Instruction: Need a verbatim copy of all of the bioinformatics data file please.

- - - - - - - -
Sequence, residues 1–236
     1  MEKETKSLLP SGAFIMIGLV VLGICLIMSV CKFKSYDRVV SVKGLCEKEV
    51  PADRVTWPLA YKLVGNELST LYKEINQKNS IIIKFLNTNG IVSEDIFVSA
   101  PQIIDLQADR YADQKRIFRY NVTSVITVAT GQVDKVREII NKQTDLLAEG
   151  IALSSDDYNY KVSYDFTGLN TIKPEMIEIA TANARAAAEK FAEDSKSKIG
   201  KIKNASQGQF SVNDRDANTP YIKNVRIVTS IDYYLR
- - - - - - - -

Sequence, residues 1–236
     1  MEKETKSLLP SGAFIMIGLV VLGICLIMSV CKFKSYDRVV SVKGLCEKEV
    51  PADRVTWPLA YKLVGNELST LYKEINQKNS IIIKFLNTNG IVSEDIFVSA
   101  PQIIDLQADR YADQKRIFRY NVTSVITVAT GQVDKVREII NKQTDLLAEG
   151  IALSSDDYNY KVSYDFTGLN TIKPEMIEIA TANARAAAEK FAEDSKSKIG
   201  KIKNASQGQF SVNDRDANTP YIKNVRIVTS IDYYLR